Email Authorization with OAuth2 Flow

E-mail authorization with OAuth2 flow


In this example, you will learn how to send e-mails with GMail or Exchange. The sending is the easy part, but since these providers started to disable the usage of passwords, it is required now to do a more complex kind of authorization which relies on tokens. And that's usually done through the OAuth2 Authorization Code Grant flow.

If you find this to be too complex to configure and use, there are alternatives like:

  • Browser automation by logging in and sending the e-mail from there as you normally do. (check this MFA example for learning how to setup OTP and fully automate the authentication step)
  • Outlook app automation with RPA.Outlook.Application (mainly for Microsoft).


Before sending an e-mail to yourself with Send Google/Microsoft Email, you have to place a token in the Vault with Init Google/Microsoft OAuth task first. This initializer step is required once, then you can send as many e-mails as you want with such a token already configured.

Google (GMail)

  1. Init Google OAuth: Authenticate user, authorize app and have the token generated automatically in the Vault.
  2. Send Google Email: Send an e-mail to yourself with GMail.

Watch demo:

Microsoft (Exchange)

  1. Init Microsoft OAuth: Authenticate user, authorize app and have the token generated automatically in the Vault.
  2. Send Microsoft Email: Send an e-mail to yourself with Microsoft.

Watch demo:

Client app setup

You need to register an app which will act on behalf of your account. The app (Client) is the entity sending e-mails instead of you (User). But you need to authenticate yourself and authorize the app first in order to allow it to send e-mails for you. For this, certain settings are required:

Google (GMail)

  1. You have to configure the Consent Screen beforehand:

    • Add a name and your e-mail address.
    • Under "Your restricted scopes" add the GMail API scope. (so you give the app full permissions on your mailbox)
    • In order to see the scope above (client app permission), you have to enable the Gmail API first.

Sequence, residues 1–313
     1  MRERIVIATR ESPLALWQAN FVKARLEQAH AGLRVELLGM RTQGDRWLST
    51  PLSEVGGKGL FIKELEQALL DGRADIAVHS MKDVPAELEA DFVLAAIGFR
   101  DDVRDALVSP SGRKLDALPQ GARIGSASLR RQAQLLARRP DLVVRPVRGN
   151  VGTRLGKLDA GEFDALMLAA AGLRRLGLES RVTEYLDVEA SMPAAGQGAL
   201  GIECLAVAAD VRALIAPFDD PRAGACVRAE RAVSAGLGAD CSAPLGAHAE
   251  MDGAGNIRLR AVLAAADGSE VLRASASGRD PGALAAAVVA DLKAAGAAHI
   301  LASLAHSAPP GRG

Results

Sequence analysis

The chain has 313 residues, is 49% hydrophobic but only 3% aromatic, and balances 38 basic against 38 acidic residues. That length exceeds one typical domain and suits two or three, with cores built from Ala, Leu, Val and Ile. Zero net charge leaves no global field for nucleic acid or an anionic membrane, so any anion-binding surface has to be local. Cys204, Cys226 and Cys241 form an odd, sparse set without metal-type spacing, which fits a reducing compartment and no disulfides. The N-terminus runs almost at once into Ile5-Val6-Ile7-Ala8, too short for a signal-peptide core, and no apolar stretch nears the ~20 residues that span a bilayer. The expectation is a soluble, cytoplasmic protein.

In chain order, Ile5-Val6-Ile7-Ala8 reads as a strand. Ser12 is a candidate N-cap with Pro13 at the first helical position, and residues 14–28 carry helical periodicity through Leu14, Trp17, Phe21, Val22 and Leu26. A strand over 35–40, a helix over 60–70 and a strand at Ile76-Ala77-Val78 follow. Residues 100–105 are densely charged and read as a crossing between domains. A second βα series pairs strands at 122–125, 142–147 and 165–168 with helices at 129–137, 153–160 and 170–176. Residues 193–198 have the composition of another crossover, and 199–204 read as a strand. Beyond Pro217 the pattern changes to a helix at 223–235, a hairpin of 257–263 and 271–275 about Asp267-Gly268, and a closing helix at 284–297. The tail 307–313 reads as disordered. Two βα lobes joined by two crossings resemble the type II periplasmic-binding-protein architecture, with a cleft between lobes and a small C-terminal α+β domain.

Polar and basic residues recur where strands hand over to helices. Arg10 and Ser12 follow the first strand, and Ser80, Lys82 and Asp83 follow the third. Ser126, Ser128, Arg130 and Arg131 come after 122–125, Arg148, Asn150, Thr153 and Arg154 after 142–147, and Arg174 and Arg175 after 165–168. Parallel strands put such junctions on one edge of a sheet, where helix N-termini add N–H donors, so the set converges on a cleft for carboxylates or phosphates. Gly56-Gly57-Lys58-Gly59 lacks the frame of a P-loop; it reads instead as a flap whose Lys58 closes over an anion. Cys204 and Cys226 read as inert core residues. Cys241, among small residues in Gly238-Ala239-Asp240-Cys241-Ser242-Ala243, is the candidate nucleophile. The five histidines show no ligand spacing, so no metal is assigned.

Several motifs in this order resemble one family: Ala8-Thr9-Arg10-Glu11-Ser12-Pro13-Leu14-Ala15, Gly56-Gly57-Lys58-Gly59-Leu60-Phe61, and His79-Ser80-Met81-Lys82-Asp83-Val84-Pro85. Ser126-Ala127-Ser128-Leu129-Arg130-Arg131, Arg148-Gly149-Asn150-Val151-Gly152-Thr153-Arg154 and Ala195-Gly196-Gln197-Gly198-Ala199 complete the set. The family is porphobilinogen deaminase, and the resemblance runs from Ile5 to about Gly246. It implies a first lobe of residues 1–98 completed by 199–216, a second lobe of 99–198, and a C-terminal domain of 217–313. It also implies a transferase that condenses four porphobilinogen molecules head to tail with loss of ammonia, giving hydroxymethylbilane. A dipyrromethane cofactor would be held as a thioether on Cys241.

• Add as test users the e-mail addresses you want to allow to complete the flow. This is required as long as the app remains private & unpublished.
  2. Now go to Cloud Credentials and click "+ CREATE CREDENTIALS" -> "OAuth client ID". And select the following:

    • Application type: Web application
    • Add redirect URI:
    • Take a note of the obtained client credentials as you'll need them later on.

Read more on client setup with Google:

Microsoft (Exchange)

  1. Create an Exchange Online sandbox (or use your current tenant).
  2. Then go to Azure Active Directory's App registrations page and follow these app configuration instructions.
  3. Ensure you created a "Web" app and have the following checked:
    • Is a private single or multi-tenant app.
    • The type of the application is Web App.
    • Redirect URI can be:
    • Has at least the following permission(s) enabled:
      • Delegated: EWS.AccessAsUser.All (Office 365 Exchange Online) API Permissions
    • A client secret has beed added. And take note of these credentials, as you need them later on.
  4. Finally, enable OAuth2 in the tenant and allow Impersonation on test users:
    • From an Administrator PowerShell console, install ExchangeOnlineManagement module.
    • Login with the tenant Admin:
      • Import-Module ExchangeOnlineManagement
      • Connect-ExchangeOnline -UserPrincipalName <e-mail>
    • OAuth2 enabling:
      • Set-OrganizationConfig -OAuth2ClientProfileEnabled $true
      • Check status with: Get-OrganizationConfig | Format-Table Name,OAuth* -Auto
    • Impersonation for a specific account (in order to be able to let the app send e-mails with that account):
      • New-ManagementRoleAssignment -name:<name> -Role:ApplicationImpersonation -User:<e-mail>